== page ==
The Union commander replied, "We'll try it."
The Confederates charged.
Standing here on the banks of the James on a warm day 140 years later, it's easy to see yourself huddling behind those earthworks, rifle cradled in sweaty hands, thinking that you might have just a few more minutes to live. Then the putt-putting of Harrison Tyler's golf cart jerks you back to the 21st century.
Asa Gordon, left, and Robert Freis at what was Gen. U.S. Grant's headquarters near Hopewell, Va., a site they'd like to include on a "Fight for Freedom" tour.
(Wayne Scarberry For The Washington Post)
Tyler is the owner of this particular battlefield, which is known, confusingly, as both Fort Pocahontas and Wilson's Wharf; he snapped it up after a would-be developer went bankrupt a few years back. A big-boned, silver-haired man in his late seventies with the relaxed manner of the not-newly rich, he wears a pair of dirty white shorts and a lavender Pebble Beach golf shirt that's torn around the pocket. His family tree is astonishing. One maternal ancestor was Edmund Ruffin, the ardent secessionist credited with firing the shot at Fort Sumter in 1861 that kicked off the Civil War. He is also the proud descendant of Pocahontas and the grandson of President John Tyler, whose nearby plantation house, Sherwood Forest, is still in the family. (That's right, grandson: Both President Tyler, who died in 1862, and Harrison Tyler's father, who died in 1935, had children late in life after being widowed and remarrying.)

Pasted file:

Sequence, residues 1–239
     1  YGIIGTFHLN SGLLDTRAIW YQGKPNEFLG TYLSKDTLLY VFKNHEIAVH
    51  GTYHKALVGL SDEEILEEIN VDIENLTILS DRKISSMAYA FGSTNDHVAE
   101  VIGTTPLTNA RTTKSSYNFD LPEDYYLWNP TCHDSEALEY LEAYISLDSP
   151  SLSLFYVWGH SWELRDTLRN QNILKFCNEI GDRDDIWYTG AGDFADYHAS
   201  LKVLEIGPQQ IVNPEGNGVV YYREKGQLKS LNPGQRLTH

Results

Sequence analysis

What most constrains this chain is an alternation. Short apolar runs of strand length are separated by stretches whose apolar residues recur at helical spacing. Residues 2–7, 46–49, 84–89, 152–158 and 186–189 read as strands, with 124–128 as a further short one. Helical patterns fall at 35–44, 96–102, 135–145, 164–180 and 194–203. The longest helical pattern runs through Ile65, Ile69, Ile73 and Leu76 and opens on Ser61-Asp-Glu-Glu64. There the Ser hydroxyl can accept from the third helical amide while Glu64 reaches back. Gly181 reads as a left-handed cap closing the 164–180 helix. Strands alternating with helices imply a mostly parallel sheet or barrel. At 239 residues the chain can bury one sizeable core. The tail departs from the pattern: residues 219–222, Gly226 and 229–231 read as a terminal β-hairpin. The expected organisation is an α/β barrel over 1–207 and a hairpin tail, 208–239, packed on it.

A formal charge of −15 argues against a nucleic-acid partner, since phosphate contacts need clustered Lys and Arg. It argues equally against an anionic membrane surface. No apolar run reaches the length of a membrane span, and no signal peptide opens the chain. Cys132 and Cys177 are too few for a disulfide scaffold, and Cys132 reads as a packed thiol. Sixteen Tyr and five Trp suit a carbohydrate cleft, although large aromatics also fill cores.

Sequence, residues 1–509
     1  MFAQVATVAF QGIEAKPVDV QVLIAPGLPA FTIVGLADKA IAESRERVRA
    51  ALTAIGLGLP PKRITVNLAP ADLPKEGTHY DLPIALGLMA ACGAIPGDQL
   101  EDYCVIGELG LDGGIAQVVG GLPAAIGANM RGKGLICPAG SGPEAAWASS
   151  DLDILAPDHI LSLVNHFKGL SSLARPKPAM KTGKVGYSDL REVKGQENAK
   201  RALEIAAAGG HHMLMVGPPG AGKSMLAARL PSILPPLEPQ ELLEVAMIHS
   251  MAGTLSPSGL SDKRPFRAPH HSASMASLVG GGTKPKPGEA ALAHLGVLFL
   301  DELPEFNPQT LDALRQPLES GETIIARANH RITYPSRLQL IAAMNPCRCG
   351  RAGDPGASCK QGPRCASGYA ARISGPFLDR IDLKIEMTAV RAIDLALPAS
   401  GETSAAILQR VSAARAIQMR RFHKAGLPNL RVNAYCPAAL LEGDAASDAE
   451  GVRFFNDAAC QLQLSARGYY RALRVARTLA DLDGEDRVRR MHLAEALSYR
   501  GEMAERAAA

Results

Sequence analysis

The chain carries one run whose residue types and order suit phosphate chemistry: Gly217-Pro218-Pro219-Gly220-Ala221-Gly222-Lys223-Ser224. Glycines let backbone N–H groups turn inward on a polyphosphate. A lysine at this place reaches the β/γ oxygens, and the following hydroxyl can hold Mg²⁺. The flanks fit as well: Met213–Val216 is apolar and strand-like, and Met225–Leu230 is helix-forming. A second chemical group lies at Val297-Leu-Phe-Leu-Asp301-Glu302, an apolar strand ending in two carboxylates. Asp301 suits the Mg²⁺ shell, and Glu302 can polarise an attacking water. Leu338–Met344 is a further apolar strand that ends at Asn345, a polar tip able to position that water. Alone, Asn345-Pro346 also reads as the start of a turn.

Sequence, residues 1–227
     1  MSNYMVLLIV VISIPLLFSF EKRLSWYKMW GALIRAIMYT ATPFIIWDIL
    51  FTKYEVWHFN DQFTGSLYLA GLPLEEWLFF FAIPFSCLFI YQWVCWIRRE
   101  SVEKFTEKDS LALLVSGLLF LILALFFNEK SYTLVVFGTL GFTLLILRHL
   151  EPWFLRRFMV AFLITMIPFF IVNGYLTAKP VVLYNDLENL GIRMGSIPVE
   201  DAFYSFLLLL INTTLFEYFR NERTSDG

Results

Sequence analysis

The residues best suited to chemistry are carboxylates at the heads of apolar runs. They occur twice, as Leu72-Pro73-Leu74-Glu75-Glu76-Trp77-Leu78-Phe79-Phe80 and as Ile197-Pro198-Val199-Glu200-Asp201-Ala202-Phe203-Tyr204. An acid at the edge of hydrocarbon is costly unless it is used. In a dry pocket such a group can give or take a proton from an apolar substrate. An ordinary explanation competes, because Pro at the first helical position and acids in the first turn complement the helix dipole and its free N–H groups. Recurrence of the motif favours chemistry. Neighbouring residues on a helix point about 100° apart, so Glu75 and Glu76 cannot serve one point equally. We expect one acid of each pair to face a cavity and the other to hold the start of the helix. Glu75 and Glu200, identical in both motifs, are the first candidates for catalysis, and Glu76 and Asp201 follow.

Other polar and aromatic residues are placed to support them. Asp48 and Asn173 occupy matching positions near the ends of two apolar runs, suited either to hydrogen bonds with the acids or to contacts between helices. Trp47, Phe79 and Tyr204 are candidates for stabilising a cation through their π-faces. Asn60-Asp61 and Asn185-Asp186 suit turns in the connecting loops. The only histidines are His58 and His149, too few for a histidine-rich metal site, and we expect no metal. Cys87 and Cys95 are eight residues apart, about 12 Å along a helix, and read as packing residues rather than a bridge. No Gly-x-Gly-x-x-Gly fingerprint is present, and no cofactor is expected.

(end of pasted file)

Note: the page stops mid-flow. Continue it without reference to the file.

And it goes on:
The president's grandson met Asa Gordon through another Civil War preservationist. Now he's fired up the six-seater golf cart to give Gordon and Freis a personal tour.
The battle at Fort Pocahontas was part of a Union push toward Richmond, and the fort was built, Tyler explains, "to protect this narrow part of the river. Because Benjamin Butler's supply ships were going to be coming up, and see, the Confederates could have put a little cannon right over there and sunk every one of them."
No problem. The black troops routed Fitzhugh Lee's men, driving them off and inflicting substantial casualties while sustaining relatively few themselves.
Freis and Gordon love this story, and they love the fact that -- thanks to the generous descendant of the famous secessionist -- the battlefield is in really good shape. It should be a highlight of what the two have taken to calling the "Fight for Freedom" tour.
Two guys can't begin to change the perceptions of the Civil War harbored by both blacks and whites if the tour never happens, though -- and a few months after the scouting trip, the prospects are looking a bit iffy.
Freis and Gordon's effort would be a unique one, they say. There are plenty of Civil War battlefield tours, but none to their knowledge evokes the overall African American experience so thoroughly. So they were disappointed when their planned launch this fall didn't draw enough interest to make it worth going through with. They had hoped in particular that African Americans would start claiming the war as their own, but they know they have a lot of negative history to overcome. The current plan is to try again in the spring, perhaps tying in the tour with the 140th anniversary of the fall of Richmond in April.